I'm the first one to be critical of any start-up I'm currently working on. From my experience with start-ups there is always challenges, unique to each, that are just a huge struggle to overcome. At my startups I always develop according to 'lean start-up methodology' which, if anyone is interested in learning more about in relation to their start-up or idea, I'm happy to sit down with you and talk it through - just ping me an email.
I can do a lean canvas model for my latest startup in about 10 minutes ... but the one box we struggle with is customer segment ie who is your target market?
Target market was described to us by a fantastic mentor, Mark Godenho as a decision made by 'drawing a line in the sand' between who you would focus on as your customer and who you wouldn't. The key part, he said, was that customer segments were facts while your target was a decision made by the people in the company based on what they thought was best.
I understand more and more each day the importance of having a target market. It guides the company and gives it focus on every decision. From the wording you use on the website right through to the people you reach out to in order to further your company. But here's the problem I have, the idea of target market being a decision rather than something being guided by the market seems risky to me.
I was walking to the office yesterday when I saw this ute parked on a construction site ...
"Building the future of Christchurch"
It says on the side of the vehicle "Building the future of Christchurch". So what? Well, for those of you who don't know - I'm currently based in Dunedin ...
Christchurch has major construction work at the moment, it's in the midst of massive earthquake recovery. This construction company probably saw a good opportunity to target Christchurch as a market and do some significant branding around that. As a large company it's probably not a big deal - the costs of removing this message in the future will be an minor expense. As a start-up, however, changing messaging because your customers ended up being different to what you expected is a major cost and time sink. Imagine having a very targeted message on your business cards and marketing collateral in the early stages, only to find out that your customers weren't who your originally thought. And most of the time the messaging isn't the only thing that will need to change. Significant parts of the product which have been built for a specific target market will also need re-thinking.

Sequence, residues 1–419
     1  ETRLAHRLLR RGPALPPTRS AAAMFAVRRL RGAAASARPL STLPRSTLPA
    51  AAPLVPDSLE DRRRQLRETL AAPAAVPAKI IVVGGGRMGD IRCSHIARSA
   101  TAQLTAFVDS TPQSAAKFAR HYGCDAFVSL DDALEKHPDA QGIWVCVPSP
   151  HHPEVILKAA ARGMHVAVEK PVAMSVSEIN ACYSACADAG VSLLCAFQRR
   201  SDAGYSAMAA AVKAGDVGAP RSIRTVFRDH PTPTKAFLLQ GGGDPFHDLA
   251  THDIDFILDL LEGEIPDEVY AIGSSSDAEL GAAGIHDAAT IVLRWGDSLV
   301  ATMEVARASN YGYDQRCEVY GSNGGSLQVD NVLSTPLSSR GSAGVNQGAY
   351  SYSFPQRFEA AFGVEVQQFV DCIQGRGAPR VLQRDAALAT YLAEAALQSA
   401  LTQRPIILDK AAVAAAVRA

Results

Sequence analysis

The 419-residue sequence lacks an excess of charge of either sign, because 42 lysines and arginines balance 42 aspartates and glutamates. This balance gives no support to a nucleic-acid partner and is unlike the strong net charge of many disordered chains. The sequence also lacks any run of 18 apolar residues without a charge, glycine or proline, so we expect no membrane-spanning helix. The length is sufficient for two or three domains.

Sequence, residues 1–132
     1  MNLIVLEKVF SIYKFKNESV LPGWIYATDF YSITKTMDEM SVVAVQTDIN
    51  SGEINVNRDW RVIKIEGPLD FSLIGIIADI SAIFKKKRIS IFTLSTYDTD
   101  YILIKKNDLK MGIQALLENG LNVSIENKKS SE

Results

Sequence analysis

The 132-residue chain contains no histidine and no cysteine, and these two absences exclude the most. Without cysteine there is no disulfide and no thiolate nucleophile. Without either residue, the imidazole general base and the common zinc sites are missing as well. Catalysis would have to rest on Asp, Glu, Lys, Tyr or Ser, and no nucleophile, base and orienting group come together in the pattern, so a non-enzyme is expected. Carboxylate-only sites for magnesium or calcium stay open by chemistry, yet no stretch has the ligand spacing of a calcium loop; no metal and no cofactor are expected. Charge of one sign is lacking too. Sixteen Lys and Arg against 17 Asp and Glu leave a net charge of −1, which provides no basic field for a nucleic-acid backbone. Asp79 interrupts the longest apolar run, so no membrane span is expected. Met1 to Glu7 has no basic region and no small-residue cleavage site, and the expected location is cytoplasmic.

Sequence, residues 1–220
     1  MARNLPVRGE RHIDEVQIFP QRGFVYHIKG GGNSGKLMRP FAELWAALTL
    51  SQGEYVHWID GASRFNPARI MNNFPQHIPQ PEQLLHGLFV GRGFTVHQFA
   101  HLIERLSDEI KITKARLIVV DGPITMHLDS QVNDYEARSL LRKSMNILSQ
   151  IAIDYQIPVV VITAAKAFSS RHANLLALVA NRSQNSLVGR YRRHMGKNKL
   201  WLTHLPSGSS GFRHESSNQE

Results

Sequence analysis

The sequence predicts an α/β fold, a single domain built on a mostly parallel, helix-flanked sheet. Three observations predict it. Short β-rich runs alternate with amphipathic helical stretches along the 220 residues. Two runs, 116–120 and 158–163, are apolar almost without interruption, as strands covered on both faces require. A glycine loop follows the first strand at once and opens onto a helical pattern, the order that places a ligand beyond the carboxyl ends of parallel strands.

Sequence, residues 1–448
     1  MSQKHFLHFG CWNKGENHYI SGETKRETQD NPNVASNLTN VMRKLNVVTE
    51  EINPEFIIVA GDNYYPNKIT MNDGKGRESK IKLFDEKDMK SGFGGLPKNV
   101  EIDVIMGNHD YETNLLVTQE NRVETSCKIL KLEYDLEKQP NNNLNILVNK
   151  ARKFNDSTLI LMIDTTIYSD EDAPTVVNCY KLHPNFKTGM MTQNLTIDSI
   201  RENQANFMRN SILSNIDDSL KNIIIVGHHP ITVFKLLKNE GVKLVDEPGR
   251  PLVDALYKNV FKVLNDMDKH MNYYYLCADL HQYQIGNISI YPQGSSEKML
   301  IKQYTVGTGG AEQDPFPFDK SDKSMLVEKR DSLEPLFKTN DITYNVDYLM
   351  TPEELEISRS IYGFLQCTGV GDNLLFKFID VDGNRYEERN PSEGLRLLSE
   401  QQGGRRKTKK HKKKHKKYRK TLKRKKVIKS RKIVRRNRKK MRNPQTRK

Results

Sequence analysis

At SuchCrowd (my current startup) we've made an active choice to let our target market be guided by the market rather than our decisions. We have people approaching us wanting to use our service for all different types of events. Coding workshops through to circus performance ... can we build something great for all of them? Maybe not. Will our lack of focus mean that we can't serve anyone effectively? Maybe. But so far that hasn't been the case. One thing that is clear to us is that if we are very specific about our target market we would lose customers. As a start-up in the early stages when we are revenue and growth hungry this is a decision that we vote against.
I'd love to hear some thoughts on this though! Has anyone else had significant problems identifying their target market and what decisions did you make? Do you think not having a clear target market is a terrible choice? Most of all, if you did make a decision, how did you make it? I'm keen to hear!